Current issues and what the World Food Programme is doing
Bhutan is a small, landlocked country in South Asia. Perched in the south eastern Himalayas between India and the Tibet Autonomous Region of China, it occupies an area of 38,394 km2, 71 percent of which is covered by forest. Due to its mountainous topography, less than 14 percent of its total land area is agricultural, and only about 8 percent is suitable for cultivating arable crops that are used for both human consumption and livestock fodder.
The country has three geographic areas. The southern foothills rise sharply from 100 to 1,500 m, and have a hot, subtropical climate with high annual rainfall of between 2,500 and 5,500 mm. The Inner Himalayas have elevations of between 1,500 and 3,000 m; here, summers are hot and winters are cool, with rainfall of between 1,000 and 2,000 mm. The Higher Himalayas, in the north, range between 3,000 and 7,550 m and have an alpine climate, with less than 1,000 mm of precipitation and peaks continually covered with snow.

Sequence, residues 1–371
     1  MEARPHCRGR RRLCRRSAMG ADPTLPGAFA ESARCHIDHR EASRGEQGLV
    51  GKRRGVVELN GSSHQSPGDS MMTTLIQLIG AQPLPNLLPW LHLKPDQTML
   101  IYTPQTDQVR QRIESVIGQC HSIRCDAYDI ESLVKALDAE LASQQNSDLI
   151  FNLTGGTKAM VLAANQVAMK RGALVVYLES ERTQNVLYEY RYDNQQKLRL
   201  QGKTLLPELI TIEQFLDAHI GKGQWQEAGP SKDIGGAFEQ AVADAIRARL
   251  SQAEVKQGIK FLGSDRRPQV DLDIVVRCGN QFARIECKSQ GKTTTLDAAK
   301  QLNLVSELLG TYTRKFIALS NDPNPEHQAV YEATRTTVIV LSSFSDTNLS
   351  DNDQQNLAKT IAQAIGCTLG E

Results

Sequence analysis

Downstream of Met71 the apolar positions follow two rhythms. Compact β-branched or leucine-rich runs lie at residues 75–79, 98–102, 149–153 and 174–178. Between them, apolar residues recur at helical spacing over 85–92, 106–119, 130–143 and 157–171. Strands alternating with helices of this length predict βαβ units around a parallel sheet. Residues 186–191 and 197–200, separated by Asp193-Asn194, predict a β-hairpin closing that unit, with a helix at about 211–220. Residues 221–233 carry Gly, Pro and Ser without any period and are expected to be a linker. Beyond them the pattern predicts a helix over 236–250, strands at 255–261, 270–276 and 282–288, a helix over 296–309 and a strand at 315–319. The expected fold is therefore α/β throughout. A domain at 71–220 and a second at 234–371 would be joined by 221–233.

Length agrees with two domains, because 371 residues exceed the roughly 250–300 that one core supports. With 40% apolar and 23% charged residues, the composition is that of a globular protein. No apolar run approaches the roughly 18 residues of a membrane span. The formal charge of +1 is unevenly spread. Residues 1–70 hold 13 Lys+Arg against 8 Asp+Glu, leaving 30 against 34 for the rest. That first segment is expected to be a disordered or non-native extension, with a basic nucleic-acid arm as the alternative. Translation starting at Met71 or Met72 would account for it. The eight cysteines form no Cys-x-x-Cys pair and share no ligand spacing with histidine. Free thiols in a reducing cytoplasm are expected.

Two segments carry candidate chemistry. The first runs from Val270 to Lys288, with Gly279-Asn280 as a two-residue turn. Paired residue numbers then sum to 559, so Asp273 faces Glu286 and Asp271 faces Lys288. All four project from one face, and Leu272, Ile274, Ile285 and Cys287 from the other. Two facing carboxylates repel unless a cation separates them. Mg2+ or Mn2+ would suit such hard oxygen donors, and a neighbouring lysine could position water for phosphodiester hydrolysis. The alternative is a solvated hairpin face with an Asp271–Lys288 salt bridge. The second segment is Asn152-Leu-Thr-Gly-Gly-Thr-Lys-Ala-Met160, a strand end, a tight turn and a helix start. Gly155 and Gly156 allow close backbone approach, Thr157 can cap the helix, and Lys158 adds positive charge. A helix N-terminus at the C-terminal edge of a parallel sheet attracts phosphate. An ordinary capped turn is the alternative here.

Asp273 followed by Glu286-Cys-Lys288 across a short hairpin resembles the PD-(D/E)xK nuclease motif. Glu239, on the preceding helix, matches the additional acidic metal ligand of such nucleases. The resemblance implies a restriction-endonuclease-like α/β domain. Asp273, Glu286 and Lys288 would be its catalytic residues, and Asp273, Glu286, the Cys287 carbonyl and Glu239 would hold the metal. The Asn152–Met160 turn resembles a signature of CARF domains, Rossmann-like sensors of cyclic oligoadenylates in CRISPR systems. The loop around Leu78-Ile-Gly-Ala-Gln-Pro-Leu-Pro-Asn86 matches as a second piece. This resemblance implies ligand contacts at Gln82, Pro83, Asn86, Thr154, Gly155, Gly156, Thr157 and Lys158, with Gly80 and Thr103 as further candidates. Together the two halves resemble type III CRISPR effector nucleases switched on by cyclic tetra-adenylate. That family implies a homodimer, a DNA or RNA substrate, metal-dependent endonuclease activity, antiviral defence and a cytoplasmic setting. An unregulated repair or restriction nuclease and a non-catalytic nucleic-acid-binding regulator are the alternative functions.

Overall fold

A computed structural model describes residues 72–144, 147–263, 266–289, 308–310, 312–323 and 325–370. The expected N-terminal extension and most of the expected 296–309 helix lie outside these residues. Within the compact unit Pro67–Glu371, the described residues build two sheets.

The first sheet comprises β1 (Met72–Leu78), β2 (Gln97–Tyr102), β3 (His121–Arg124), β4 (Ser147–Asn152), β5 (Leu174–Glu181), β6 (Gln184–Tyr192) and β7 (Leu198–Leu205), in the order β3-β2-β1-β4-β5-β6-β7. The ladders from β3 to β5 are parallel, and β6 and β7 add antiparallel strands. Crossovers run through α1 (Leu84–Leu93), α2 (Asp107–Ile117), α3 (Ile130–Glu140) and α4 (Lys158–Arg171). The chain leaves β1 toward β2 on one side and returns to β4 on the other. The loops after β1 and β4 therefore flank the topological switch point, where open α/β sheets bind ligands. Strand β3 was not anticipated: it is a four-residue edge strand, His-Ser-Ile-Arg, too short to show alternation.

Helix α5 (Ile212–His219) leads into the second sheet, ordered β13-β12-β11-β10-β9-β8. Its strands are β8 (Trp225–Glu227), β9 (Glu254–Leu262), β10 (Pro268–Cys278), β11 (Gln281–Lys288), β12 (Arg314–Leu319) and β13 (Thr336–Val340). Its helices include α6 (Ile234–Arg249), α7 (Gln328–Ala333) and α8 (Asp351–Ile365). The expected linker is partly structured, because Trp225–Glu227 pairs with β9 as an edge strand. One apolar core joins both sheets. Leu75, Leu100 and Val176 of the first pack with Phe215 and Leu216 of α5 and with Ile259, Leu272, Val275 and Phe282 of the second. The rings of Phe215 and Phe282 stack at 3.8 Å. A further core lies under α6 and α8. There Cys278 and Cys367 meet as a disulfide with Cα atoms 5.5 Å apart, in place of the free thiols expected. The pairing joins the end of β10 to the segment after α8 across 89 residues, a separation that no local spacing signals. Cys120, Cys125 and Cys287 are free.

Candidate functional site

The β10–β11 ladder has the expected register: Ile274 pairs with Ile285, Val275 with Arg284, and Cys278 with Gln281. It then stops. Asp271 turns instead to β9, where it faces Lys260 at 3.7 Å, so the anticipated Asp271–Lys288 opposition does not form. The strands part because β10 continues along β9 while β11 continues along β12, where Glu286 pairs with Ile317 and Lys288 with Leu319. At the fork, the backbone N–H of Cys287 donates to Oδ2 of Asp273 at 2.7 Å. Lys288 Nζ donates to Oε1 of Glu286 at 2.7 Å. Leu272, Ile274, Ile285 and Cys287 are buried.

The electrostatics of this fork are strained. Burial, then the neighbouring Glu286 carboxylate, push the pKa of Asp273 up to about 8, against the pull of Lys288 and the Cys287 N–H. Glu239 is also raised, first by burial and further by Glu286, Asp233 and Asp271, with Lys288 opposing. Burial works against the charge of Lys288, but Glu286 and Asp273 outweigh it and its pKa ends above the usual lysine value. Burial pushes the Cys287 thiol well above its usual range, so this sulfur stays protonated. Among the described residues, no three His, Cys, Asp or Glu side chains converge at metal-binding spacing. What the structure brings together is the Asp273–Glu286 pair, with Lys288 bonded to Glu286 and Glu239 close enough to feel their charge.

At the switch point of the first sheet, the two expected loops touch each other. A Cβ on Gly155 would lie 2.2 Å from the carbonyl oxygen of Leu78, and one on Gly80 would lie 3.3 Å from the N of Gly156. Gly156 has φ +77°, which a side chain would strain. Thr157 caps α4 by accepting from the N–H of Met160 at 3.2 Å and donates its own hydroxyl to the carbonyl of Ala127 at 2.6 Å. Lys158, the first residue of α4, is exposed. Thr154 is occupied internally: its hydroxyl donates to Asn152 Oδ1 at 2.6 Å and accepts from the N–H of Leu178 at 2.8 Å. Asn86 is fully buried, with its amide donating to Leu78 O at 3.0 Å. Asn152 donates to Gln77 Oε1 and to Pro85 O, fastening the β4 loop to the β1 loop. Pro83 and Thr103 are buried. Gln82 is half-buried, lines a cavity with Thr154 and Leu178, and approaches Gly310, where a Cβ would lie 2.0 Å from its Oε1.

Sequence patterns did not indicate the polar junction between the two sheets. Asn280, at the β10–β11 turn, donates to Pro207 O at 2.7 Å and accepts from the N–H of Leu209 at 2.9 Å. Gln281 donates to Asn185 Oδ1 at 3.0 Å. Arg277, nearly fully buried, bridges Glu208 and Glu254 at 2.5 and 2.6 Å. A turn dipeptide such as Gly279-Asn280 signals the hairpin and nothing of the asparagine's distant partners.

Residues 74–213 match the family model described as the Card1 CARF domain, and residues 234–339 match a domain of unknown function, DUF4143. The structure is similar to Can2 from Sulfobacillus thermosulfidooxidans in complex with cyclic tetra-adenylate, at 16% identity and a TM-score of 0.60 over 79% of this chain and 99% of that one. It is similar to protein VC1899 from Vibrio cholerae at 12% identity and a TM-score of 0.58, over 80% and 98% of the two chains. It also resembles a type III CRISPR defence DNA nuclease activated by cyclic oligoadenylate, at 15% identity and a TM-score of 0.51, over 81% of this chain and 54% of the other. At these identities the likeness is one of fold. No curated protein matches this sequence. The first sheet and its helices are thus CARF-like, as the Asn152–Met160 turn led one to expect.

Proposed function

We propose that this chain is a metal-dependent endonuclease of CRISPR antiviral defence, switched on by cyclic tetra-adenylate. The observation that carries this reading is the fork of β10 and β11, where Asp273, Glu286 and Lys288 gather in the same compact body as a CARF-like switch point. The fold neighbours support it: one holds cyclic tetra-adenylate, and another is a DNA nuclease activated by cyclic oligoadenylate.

This third area is very inaccessible and is the least populated. By contrast, the capital Thimphu in the western interior is inhabited by almost 12 percent of the entire population.
Until the 1950s Bhutan was almost completely isolated from the rest of the world. Then, as now, livelihoods of the vast majority involved subsistence farming: small-scale crop production and migratory herding. Greater interaction with developed countries opened up opportunities for foreign aid and economic growth that might eventually lift the Bhutanese people out of poverty – though not, the Government was determined, at the cost of the nation’s exceptionally rich biodiversity.